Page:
Once I thought I left my cell phone in theater, but when I woke up the next morning I found it on my desk, so i didn't think I had lost it. However, the next class everyone asked me whether I had gotten my cell phone back. Apparently Katie had found it while practicing for her scene there, so Tiffany took it because she generally sees me, but before she saw me she saw my good friend Matt, so she gave it to him. He was supposed to see me the next day, but by chance he was walking by my apartment, so he popped in. I was already asleep, so my roommates put it in my room. Thus, my phone magically appeared on my desk, and I wasn't even aware I had lost it until two days later.

see, wasn't that interesting?

the pope said...

I'm not going to follow the strain of the rest of the comments and tell you where I have left things or talk about boys (although I do like blueberry bagels with plain cream cheese).

I think its cool that you are different. But I want to warn you of something, as I am experiencing it in my own life right now. Try to make sure you don't cross the line between enjoying being intellectual and different, to thinking that you are better than other people because you are different and intellectual. You may not even notice it when it happens, but soon you become an intellectual snob and are selectively social. I'm living with someone like this right now and she's not a very nice person to be friends with.

I just want to say that there is value in the occasional conversation about losing things and bagels and boys. Of course, we also know there is value in historical theory.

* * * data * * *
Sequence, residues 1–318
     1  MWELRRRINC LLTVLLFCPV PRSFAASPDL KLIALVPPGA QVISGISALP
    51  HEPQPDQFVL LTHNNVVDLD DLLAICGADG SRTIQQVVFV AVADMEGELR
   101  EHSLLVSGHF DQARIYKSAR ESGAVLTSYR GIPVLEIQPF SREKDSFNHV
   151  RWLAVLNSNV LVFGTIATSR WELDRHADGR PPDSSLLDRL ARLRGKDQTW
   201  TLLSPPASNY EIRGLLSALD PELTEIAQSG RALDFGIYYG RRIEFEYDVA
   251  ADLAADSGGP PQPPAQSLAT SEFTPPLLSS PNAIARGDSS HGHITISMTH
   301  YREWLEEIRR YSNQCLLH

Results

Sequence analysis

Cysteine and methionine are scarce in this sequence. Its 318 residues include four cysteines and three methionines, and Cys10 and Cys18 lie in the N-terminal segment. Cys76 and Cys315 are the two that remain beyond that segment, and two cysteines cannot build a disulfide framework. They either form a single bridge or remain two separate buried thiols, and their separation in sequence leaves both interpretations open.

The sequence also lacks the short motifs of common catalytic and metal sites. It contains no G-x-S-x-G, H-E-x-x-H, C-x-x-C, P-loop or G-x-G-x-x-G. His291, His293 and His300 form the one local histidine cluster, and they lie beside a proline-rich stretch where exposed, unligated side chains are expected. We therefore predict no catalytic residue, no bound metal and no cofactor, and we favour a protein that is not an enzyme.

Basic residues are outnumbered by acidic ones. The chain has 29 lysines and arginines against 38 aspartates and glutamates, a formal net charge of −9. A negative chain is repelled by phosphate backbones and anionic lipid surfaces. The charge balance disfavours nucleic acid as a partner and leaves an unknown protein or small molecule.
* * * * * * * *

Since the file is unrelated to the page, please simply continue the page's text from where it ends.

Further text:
PS I don't think you are a pretentious snob, just for all that is good please don't become one. I can't stand knowing more than one.

jambarama said...

I'm not sure how you say this, but I think it is interesting enough to consider.

So as far as religion goes, ours is one of the most strict. Everyone knows the people who follow each law to the letter. I admire such people, I'm just not one of them. So when you think about a lot of stuff we do, it isn't exactly useful, doesn't have a religious/eternal purpose. I'm talking about stuff like most entertainment. TV is like spiritual junkfood, we know it is bad for us, but we like it.

I don't know how to justify such things. I'm not sure I need to. Seinfeld, Kung-Pow, RATM or Kurt Vonnegut, none of these have any good spiritual implications, and may have bad ones (the overused word 'desensitization' comes to mind). So they may not be good for us in the long run, but they help with the issue of keeping one's sanity.

Maybe no one else knows what the heck I"m talking about. I'm not a fundamentalist really, though I admire those who can be. My point is that not all frivolous things are bad (or that more stuff is frivolous than we think). I spend inordinate amounts of time figuring out how to hack computers, a word which here refers to getting computers to do something they weren't designed to do. Some people think it is a waste, then they go watch a movie (I often counter with "I have time to waste, I don't own a TV).

Just because I select my frivolous pursuits differently than others doesn't make them better or worse. Sometimes I am surprised that people can pay as much attention to their appearance as I do to computers, my brother does to politics, my mother to books, my father to work and my friends to movies, video games & tv shows. They just choose their frivolous pursuits differently.

Thirdmango said...

Does this mean we have to stop having our converstaions about bagels and boys?

I actually have a funny story, at the callings interviews that Bishop had, they were behind as usual and so when Robert mentioned that they were behind I told him I've never been in the office with Bishop longer then two minutes, he said that was impossible so I bet him I'd be in and out in two minutes. I went in, two minutes later I came out and smiled at him. It was wonderful.

Oh and if you really did start becoming a glitter guy, I'm sure many of us would disown you straight away.

fine print said...

I was anxiously awaiting the promised more on your hatred for the term ("boys"). That's all I feel like saying now.